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Former French Leader Sarkozy Is Cleared In Corruption Case

Former French President Nicolas Sarkozy has been cleared in a scandal over the finances of his 2007 presidential campaign. The examining magistrates' decision to dismiss the case may clear the way for a return to politics for Sarkozy.

"I am delighted about this decision, which I expected," said Sarkozy's lawyer, Thierry Herzog, after the announcement, the AP reports. The news agency adds, "After leaving a private meeting on Monday at the main Paris mosque, Sarkozy nodded to cameras but did not speak to journalists."

The case revolves around charges "that L'Oreal cosmetics heiress Liliane Bettencourt provided the Sarkozy campaign with illegal campaign funds," as the Two-Way reported last year. That alleged connection has yielded the scandal's name in France: the Bettencourt Affair.

The former president was formally accused with a breach of trust this past March. As Agence France-Presse reported, investigators believed that the party backing Sarkozy received as much as $5.2 million from the heiress.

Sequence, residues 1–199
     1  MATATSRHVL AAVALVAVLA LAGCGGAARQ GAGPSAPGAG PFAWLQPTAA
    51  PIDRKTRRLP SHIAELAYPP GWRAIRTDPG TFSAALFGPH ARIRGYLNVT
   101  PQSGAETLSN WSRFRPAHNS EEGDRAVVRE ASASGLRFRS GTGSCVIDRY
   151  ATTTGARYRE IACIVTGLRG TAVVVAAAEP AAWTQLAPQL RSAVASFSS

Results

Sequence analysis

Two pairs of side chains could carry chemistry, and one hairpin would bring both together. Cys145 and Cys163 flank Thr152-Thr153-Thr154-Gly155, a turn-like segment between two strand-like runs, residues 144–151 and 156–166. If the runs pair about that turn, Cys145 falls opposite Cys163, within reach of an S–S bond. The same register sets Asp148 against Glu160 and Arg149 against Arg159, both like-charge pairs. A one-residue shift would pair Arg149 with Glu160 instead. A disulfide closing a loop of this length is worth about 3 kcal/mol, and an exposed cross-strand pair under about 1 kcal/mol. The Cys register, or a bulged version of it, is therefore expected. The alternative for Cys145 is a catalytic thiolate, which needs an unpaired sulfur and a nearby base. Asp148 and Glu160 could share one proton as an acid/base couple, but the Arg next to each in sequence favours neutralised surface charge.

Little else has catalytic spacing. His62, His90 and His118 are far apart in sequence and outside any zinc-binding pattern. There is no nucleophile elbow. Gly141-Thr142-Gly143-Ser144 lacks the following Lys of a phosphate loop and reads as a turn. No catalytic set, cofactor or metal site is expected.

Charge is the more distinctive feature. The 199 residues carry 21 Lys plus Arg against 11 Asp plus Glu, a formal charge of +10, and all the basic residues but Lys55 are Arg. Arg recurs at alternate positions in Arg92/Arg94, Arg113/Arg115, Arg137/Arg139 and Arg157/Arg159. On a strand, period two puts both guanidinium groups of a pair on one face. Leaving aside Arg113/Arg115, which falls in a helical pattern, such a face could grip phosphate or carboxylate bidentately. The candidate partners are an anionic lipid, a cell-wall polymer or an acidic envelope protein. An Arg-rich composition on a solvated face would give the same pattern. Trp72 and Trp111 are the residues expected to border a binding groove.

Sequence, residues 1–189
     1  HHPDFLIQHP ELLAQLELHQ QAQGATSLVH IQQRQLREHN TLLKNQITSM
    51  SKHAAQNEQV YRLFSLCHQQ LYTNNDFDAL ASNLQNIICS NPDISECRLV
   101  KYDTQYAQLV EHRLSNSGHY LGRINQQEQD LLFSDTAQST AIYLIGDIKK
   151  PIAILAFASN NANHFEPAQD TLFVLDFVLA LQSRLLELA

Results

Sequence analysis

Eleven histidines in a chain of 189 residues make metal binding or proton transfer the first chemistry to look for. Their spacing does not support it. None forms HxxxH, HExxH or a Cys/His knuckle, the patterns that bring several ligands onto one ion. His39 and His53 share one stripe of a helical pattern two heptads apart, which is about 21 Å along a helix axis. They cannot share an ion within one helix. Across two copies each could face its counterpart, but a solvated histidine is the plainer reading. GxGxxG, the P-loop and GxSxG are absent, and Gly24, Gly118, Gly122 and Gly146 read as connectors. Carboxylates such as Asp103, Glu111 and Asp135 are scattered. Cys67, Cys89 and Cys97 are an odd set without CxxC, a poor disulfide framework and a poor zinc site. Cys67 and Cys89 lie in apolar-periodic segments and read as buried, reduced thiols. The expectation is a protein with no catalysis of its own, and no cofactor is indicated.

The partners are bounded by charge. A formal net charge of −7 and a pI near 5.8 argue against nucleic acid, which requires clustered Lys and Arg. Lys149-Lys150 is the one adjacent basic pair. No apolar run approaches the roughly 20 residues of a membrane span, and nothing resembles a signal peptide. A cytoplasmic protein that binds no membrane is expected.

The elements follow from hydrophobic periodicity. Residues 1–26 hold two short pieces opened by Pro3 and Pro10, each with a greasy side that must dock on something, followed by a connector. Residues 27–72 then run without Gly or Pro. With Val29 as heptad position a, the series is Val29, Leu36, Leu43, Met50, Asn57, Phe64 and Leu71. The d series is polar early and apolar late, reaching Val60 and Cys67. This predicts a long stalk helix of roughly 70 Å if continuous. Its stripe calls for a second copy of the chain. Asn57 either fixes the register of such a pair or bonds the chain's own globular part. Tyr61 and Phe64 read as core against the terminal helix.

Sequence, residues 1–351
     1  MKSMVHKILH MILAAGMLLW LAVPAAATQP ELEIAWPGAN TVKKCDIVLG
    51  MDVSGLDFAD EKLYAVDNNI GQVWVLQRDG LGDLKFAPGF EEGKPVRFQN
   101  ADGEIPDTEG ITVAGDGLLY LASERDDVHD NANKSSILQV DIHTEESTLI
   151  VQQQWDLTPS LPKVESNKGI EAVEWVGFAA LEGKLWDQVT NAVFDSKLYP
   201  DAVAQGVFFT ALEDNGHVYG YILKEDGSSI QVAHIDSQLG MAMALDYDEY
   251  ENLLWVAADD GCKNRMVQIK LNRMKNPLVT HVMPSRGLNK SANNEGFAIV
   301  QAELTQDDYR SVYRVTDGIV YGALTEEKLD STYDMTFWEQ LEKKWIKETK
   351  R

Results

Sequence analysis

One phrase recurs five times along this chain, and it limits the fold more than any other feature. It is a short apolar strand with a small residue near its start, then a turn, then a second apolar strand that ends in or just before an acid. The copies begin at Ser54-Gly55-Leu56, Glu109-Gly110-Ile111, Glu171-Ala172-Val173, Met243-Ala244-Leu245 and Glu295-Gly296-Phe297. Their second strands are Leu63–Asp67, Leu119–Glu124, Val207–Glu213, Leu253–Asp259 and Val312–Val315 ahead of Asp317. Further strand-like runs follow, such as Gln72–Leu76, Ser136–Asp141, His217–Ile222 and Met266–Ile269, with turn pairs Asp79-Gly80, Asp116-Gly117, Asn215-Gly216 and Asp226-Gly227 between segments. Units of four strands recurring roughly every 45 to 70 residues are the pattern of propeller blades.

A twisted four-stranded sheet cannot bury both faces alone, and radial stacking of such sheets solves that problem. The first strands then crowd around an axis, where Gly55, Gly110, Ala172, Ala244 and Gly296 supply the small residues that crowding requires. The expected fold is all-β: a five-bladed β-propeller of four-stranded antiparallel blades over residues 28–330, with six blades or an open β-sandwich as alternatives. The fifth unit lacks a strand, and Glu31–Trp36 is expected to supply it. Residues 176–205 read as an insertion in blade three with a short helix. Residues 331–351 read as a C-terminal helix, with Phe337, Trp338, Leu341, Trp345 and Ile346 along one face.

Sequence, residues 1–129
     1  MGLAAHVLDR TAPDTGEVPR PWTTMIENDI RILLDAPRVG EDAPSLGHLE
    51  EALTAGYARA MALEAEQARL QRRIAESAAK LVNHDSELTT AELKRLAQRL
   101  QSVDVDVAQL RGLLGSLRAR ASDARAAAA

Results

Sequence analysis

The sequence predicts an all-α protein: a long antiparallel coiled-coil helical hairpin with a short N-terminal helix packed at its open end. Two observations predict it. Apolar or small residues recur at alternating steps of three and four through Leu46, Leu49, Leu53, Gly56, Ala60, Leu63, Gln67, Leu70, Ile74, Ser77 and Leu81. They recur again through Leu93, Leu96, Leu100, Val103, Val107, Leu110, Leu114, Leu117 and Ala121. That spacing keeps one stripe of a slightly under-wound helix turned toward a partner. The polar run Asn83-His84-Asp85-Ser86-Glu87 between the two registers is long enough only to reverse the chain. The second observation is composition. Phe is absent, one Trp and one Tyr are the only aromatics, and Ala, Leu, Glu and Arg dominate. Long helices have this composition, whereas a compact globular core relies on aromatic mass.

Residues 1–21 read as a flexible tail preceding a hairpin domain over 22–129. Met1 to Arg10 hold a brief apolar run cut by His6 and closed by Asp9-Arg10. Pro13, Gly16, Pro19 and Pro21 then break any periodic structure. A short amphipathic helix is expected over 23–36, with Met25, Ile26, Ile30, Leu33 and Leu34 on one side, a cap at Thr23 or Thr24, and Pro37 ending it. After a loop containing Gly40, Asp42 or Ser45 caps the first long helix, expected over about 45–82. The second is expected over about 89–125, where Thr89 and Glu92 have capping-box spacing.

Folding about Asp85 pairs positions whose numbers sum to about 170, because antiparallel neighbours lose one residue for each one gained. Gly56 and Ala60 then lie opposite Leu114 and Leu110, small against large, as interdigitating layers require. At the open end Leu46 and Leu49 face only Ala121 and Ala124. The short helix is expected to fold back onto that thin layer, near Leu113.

But on Monday, Sarkozy's name was cleared, nearly 18 months after he lost the presidency to Socialist Francois Hollande. As Sarkozy has fought allegations of wrongdoing, he has also been the subject of a rumored comeback attempt.

"With President Francois Hollande's approval ratings at record lows, analysts say Sarkozy may have his eye on running again in 2017," reports NPR's Eleanor Beardsley from Paris.

While the charges against Sarkozy were dismissed Monday, others named in the case remain under a legal threat, as 10 people who were indicted — including a former Labor minister who was also Sarkozy's campaign treasurer — could go on trial next year, Le Monde reports.

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Bill Chappell is a writer and editor on the News Desk in the heart of NPR's newsroom in Washington, D.C.